In the United States Navy, running your billion-dollar nuclear attack submarine aground is generally a career-ending move.

I don’t know for sure about the Royal Navy, but I suspect they don’t look at it much differently.


10 thoughts on “*crunch*

  1. David says:

    “The ministry emphasized that only a part of the submarine was stuck.”

    The ministry continued, “we are currently trying to determine if that part of the submarine is in fact connected to the rest of the submarine, causing the entire thing to be stuck.”

  2. Marja says:

    So, it’s not only the Russians… remember Whiskey on the rocks? Does anyone know what happened to that captain?

  3. perlhaqr says:

    Submarines: not amphibious.

  4. Glamdring says:

    One of my high school buddies went into the Navy after HS. Was on nuke sub. He got rotated off in Hawaii at the last minute before a 7 hour tour :/

    Anyway, while he was away at training his sub was trailing Russian sub inside what the Russians at least claimed was their territorial waters.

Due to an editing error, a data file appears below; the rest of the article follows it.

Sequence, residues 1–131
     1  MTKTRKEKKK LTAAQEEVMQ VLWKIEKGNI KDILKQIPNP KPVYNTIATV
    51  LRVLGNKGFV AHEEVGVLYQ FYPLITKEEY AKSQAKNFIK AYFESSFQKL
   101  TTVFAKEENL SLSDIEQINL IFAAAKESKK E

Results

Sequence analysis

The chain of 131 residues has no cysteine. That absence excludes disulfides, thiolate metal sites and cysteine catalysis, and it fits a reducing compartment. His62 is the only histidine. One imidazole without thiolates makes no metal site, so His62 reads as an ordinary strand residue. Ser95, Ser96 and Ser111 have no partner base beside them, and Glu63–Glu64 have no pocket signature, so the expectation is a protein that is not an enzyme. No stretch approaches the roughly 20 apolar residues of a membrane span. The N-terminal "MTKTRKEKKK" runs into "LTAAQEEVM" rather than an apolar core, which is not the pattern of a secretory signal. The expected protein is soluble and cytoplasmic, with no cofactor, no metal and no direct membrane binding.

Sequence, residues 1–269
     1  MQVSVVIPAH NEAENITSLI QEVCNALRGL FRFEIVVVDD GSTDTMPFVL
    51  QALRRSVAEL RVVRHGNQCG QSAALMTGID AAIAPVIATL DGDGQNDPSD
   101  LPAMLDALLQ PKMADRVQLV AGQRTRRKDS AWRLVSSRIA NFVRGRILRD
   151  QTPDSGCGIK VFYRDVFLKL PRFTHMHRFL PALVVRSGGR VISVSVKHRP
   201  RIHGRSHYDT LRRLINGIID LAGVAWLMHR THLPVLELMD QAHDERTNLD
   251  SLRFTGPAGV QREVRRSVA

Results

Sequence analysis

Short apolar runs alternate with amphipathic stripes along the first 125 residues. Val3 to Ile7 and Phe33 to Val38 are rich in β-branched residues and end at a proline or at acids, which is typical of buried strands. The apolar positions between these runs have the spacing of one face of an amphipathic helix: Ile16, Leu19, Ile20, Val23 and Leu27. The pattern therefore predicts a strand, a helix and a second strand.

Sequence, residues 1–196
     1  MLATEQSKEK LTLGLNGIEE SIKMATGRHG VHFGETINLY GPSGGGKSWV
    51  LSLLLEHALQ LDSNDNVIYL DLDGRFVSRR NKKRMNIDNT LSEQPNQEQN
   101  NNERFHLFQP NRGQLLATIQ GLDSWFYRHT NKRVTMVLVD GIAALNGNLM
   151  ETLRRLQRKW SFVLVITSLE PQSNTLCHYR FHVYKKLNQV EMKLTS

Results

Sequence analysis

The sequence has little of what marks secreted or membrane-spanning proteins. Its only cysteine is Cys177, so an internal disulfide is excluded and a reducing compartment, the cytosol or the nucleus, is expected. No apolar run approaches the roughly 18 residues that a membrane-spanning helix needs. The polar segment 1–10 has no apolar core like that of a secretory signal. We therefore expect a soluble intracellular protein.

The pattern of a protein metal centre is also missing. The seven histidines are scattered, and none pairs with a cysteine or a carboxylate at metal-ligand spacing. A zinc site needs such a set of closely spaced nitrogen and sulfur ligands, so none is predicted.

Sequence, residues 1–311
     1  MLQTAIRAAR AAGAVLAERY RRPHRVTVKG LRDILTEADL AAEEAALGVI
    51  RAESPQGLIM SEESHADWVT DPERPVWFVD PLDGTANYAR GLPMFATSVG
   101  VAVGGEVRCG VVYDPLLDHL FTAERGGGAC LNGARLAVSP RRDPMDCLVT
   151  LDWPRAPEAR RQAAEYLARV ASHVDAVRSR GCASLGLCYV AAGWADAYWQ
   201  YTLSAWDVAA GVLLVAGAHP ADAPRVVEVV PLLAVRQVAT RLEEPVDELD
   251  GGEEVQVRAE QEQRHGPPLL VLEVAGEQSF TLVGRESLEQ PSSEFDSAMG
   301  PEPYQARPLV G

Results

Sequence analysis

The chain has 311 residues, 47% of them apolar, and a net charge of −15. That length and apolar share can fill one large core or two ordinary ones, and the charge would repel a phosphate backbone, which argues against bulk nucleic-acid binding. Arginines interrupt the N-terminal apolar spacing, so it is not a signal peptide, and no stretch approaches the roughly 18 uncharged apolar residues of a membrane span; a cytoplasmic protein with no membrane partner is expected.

The Skipper over ruled someone and few minutes later they collided with the Russian sub. Ballast tanks were damaged enough they had to return home at periscope depth.

  5. I doubt they have found a more ironic name for a sub that was just grounded than HMS Astute.

  6. Meant to say “I doubt they could have found”. Fingers are just not fast enough on a Friday night.

  7. T.Stahl says:

    Chester Nimitz ran his first command aground.

    What could that man have become if he hadn’t!? 😉

  8. mariner says:


    Yeah, but he didn’t run aground, and if he didn’t broach and made it back home without outside assistance it probably didn’t hurt the CO’s career.

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